Nathaniel Rateliff Finds the Secret Chord to Vulnerability

The songwriter looks to Leonard Cohen as an inspiration for his radical authenticity on new Night Sweats album 'South of Here'

Photo: Alysse Gafkjen

BY Dylan BarnabePublished Jun 26, 2024

"There are a lot of different ways to write songs, but the thing I love about Leonard Cohen's work is his vulnerability and honesty. His humanity is in all his writing, songs and performances," Nathaniel Rateliff tells Exclaim! following orchestral shows in Montreal and Toronto honouring the life and work of one of Canada's most beloved musicians. Rateliff has always been vocal about Cohen's influence on his art, having covered "Famous Blue Raincoat" for a 2022 tribute album.

Rateliff, a very successful songwriter in his own right, is preparing to release new material with his band, the Night Sweats: South of Here, the official follow-up to 2021's The Future and Rateliff's 2020 solo album And It's Still Alright, will arrive on June 28 via Stax Records.

Rateliffe's R&B/Americana octet continue the songwriter's journey of radical authenticity, inviting listeners to see themselves in the songs. "I really just let the material come to me and wrote about what I was going through at the time," he says. "Also looking back at my life and what my journey has been to get to where I'm at now; that is the influence for most of the songs."

South of Here's title evokes the idea of an ambiguous physical space, prompting questions about regionality and the importance of a person's roots. Rateliff, after all, moved from his hometown of Herman, MO, to Colorado alongside Night Sweats bandmate Joseph Pope III at the age of 19.

"Growing up the way I did definitely made me a hard worker and established a work ethic in me that I still carry with me to this day. I hope that growing up there made me a little tender to people as well," says Rateliff, when asked about his own roots. "I've been blessed to be able to travel and see a lot of parts of the world that have also affected the way I see things."

This physical and emotional upheaval is documented in the stirring single "Heartless" as he sings, "It was so cold leaving the comfort of my Missouri home / And my childhood left me so broken, that I didn't know / We were coming out even." How are we shaped by the decisions we make? The state lines we cross? The experiences we endure? Rateliff gives these questions, both big and small, the grand platform they deserve through his music.

It can seem daunting for someone like Rateliff, who gives so much of himself to remain soft when the world simply wants to harden everything, to hold space for hope. "I don't feel like I'm an optimist," he says. "It's easy to look around and feel like things can seem a little bleak. But I think there has to be hope, so I continue to put that hope out there."

Following the death of longtime friend and producer Richard Swift, Rateliff began working with Brad Cook (Bon Iver, Waxahatchee, Kevin Morby) on South of Here. "After Richard passed away, it left a big hole. I thought I had found my forever partner and collaborator, and to lose him has been very difficult," Rateliff observes sombrely. "I love to produce music and work with other people, but when I'm doing it with my band, I probably can be a little harder on them than everybody else. I don't think that's really helpful creatively, nor does it allow them to have their own voice in the process. I feel like Brad really helped in that area."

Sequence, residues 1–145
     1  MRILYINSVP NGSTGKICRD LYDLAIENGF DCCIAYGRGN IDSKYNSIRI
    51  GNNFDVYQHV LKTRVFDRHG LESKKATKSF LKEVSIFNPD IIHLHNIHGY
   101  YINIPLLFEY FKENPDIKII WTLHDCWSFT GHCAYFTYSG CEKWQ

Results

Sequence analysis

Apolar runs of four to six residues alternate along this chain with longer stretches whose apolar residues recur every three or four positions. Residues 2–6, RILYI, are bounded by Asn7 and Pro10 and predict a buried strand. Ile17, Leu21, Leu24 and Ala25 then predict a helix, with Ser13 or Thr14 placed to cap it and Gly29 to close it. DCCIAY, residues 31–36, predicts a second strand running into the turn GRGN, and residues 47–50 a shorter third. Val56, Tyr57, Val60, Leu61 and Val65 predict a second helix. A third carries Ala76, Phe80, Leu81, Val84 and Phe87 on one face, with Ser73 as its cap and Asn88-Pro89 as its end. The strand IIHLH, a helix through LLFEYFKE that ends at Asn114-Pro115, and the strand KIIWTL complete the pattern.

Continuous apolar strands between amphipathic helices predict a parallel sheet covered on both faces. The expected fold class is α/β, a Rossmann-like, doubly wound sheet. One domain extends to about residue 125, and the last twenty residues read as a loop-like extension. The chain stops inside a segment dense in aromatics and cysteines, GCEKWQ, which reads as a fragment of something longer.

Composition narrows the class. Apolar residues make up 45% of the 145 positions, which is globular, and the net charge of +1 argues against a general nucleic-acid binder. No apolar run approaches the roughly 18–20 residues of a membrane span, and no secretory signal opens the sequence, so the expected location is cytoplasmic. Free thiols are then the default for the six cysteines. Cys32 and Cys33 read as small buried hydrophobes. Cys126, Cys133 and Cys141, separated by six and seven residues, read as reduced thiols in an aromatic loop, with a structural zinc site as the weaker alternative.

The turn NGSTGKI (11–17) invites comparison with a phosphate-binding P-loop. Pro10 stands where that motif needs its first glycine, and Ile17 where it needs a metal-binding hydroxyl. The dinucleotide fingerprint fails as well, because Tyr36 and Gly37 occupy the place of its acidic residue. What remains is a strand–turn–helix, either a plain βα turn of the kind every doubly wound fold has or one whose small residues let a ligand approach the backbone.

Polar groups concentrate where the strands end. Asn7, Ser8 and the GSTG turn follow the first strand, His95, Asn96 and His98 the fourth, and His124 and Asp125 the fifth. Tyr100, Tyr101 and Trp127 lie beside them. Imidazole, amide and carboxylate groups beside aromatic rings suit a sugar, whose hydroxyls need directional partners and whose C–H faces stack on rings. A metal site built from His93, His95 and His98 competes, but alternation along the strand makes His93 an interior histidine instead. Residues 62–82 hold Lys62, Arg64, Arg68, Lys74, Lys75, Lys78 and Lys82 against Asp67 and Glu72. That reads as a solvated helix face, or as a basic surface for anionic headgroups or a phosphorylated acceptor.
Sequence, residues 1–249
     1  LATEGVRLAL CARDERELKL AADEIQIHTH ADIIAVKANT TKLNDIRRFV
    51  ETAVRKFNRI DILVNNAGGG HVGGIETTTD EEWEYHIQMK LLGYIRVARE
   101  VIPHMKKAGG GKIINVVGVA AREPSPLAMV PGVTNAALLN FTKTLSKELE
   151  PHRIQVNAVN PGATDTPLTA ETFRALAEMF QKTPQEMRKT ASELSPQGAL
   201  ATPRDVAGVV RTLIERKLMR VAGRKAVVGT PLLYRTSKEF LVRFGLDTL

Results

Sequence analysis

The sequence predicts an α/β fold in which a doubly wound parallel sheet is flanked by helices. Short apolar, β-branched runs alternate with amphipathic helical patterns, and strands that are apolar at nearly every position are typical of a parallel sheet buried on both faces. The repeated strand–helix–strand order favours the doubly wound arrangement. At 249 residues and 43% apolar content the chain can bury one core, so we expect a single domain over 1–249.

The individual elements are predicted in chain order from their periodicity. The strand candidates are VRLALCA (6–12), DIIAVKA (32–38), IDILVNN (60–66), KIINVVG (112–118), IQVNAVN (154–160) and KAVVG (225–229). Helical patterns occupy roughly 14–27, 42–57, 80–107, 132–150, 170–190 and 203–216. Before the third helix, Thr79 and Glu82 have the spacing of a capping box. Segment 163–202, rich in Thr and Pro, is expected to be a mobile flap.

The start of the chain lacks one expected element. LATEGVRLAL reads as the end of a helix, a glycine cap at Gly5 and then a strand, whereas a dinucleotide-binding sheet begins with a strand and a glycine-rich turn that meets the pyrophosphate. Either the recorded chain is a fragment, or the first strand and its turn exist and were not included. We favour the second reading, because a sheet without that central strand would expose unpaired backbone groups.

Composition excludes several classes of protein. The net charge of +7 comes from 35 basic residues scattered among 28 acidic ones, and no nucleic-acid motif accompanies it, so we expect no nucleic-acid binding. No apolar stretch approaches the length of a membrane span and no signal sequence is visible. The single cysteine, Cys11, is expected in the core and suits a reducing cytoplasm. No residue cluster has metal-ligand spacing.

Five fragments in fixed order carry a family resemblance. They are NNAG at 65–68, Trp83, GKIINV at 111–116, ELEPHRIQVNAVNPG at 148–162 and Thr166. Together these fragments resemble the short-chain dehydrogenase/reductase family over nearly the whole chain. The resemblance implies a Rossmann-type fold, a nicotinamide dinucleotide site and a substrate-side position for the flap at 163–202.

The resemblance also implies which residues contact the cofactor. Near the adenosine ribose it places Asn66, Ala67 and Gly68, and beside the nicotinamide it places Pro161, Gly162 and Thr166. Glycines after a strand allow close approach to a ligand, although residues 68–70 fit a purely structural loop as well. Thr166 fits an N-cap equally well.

Rateliff's music has always given people the space to make peace with the ambiguity of life's mysteries. As the artist himself grows older and accumulates more experience, he still values the learning curve of life's many lessons.

"In certain areas of my life, I have more clarity, and there are other areas where I feel like you tackle one issue and it makes another issue more apparent," he says, mentioning how he's careful not to let things fester. "But I still feel curious and excited about where I'm at in my life and things to come. I still have a lot to learn, and I'm trying to look at the world in a way that it still has a lot to offer and still so much time for me to grow."

When asked how he continues to maintain his creative spark years into an established and storied music career, Rateliff provides a humble response: "I still feel like I'm learning my instrument," he laughs. "Even these Leonard Cohen shows, it's putting me in a position where I don't feel very comfortable or knowledgeable, whether that be symphony etiquette or what it is to play with a 40-piece orchestra. But by putting myself in that position, I'm forced to understand it, and that's exciting to me. I hope that I keep getting into situations like that are challenging and I can learn from as well."

Rateliff speaks fondly about getting back out on the road to connect with fans following years of uncertainty and shutdowns. South of Here is another classic Night Sweats album, filled with vivid storytelling and moving musicianship, as the band continue to forge an ongoing relationship with others. An Instagram post about the forthcoming album says that they "hope these songs and stories give you an opportunity to better understand your own struggles whatever they may be." It's not a tall order; it never is. Just a simple ask: take a listen and turn inward.

"I referenced Leonard's vulnerability [earlier], and I see that in myself," Rateliff says. "I think that's really all I ever hope for, is that the listener can see something in my songs and for it to benefit them in a positive way."

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